Or I could have started with supreme court justice and longtime bribe enthusiast Sammy Alito and his upside-down flag, the one from a few years back that indicated that he and his wife (whose life started I'm not sure when; maybe we should ask Harrison Butker) are fully captured by the most unhinged parts of the popular "stop the steal" conspiracy, which insists without evidence that the last election was stolen from Don Trump, even as Alito rules in what is supposed to be an unbiased way from the highest court in the land on matters related to this election and the next, and on the fate of the criminal would-be dictator at its center. Alito and his robed gang are modern American fascism's real bulwark—the final reason that this cult of creepy religious bigots really could get their way in the end. There's no law these justices can't abrogate, no protection of citizens they can't demolish with a wave of a manicured hand, for whatever reason they want to make up, because (as any NFL kicker or Quiddich seeker can tell you), sometimes the game you've been watching has to be decided by some completely unrelated thing, so that the protagonists can win a game they would otherwise lose.

This makes American fascists bold. They are very clearly intending to make IVF and birth control illegal, and they're talking openly about punishing women for having abortions, and tracking the movement of pregnant people, and criminalizing gay and trans people, and outlawing even talk of diversity and inclusion, and they're setting their sights on new goals: talking about how the Civil Rights Act was a mistake, and how women getting the vote was a mistake, and other openly fascist stuff. And they're coming for our Social Security, and they're demolishing our public schools and our libraries. And so on and so forth, as far as the eye can see. They call it "making America great again." There are hats and stuff.

One of the most unhinged things these fascists (or conservatives, or whatever they want to call themselves) intend to do is round up and deport some 20 million people. This is the sort of proposal that should get you put in a Hannibal Lecter mask and strapped to a gurney, but nope; public criminal and Republican presidential candidate Don Trump, who just as an aside has also promised a government purge, promises his mass deportations, and people cheer for it as if he'd just kicked a 60-yard field goal. They're using "replacement theory" as a rationale for all this. And "replacement theory" is a vile antisemitic lie that makes up a load-bearing pillar of Nazi political theory, and among conservatives (or fascists, or whatever they want to be called) it's a very popular Nazi theory, and a perfectly good reason to round up and "deport" a proposed 5% of the country—that's 15-20 million people—which is going to have to involve trains and concentration camps in case you haven't read up on how these sorts of things go, but which, even if you don't give a shit about the human lives involved, will also crash the economy.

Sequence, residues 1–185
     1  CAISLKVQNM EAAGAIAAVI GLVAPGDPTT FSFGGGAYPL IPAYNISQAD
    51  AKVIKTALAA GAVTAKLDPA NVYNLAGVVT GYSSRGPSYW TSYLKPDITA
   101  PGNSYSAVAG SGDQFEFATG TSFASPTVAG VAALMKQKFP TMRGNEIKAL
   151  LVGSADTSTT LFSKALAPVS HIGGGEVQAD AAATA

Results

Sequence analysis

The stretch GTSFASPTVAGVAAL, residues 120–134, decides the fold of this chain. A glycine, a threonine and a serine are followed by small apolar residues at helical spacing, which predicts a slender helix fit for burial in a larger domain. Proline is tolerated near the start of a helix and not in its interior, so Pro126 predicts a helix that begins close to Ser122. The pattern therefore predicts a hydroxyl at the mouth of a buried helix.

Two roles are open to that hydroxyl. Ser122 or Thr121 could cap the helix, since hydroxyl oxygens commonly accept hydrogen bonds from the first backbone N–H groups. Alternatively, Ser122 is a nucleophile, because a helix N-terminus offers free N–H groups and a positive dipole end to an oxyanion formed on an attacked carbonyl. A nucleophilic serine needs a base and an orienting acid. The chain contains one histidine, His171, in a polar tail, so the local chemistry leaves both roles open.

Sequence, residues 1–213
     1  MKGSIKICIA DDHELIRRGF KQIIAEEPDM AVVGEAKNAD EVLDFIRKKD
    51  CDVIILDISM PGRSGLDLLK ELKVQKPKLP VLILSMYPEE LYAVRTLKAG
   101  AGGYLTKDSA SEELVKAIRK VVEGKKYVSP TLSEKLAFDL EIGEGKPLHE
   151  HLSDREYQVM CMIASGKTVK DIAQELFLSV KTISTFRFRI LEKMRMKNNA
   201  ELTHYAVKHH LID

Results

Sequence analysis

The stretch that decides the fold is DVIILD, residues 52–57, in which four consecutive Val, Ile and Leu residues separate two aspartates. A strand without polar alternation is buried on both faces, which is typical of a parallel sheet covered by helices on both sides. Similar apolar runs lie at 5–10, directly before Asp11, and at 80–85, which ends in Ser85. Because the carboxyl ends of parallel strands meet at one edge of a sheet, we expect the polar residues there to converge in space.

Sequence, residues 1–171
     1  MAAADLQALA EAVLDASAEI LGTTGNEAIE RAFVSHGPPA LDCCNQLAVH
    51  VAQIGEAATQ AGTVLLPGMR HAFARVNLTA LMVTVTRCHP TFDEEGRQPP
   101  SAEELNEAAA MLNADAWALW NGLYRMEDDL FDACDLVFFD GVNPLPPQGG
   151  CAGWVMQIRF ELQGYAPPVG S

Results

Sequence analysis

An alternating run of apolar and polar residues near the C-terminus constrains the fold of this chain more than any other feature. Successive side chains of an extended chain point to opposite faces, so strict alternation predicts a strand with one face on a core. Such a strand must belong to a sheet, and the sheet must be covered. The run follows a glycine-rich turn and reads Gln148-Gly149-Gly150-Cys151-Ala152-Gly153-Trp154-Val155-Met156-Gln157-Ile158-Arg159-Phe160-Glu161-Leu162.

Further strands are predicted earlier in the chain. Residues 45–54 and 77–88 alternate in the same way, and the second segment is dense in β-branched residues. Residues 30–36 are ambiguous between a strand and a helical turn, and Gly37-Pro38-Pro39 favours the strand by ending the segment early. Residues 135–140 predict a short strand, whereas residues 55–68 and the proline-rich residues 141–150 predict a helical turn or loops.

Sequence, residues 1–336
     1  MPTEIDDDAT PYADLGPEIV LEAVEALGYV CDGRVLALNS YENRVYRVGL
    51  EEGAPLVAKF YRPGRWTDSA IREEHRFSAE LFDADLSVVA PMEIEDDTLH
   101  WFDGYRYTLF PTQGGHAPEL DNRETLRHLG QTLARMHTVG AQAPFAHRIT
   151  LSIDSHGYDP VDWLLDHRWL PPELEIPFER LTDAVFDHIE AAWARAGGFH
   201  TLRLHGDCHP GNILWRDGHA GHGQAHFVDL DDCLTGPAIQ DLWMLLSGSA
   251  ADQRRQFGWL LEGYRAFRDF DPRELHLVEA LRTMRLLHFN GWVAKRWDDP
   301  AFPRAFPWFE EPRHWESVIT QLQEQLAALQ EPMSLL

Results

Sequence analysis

When Nazis are on the fringe, you have to really work to be a Nazi—you gotta get out the arm bands and tiki torches and flags and strut around protected by whatever cops couldn't get the day off to join you—the same row of cops who'll someday be beating up anyone who protests you; but once Nazis are in the state capitals and the national government and the high courts, all you need to do in order to be a Nazi is just be willing to go along, and it turns out most people are willing to go along with whatever. And after a while, it's just the air you breathe and the water you swim in, and it takes effort to not be a Nazi. And who likes effort?

Fascists know this, by the way. They always do. They're always looking for ways to move out the margins of permission when it comes to harming and controlling people, to make normal today what wasn't normal yesterday.

What I'm saying is, we have to realize that we're living in an increasingly fascist land, and start to understand what it means to be antifascist people in a fascist land, and start to think about the effort that will take. We are going to have to understand that we are dealing with people who have fundamentally and foundationally broken the social contract, which means we are going to have to treat them as if they have broken the social contract. This means we need to treat people of bad faith as if they are people of bad faith, to begin with. And this means acting in bad faith toward them.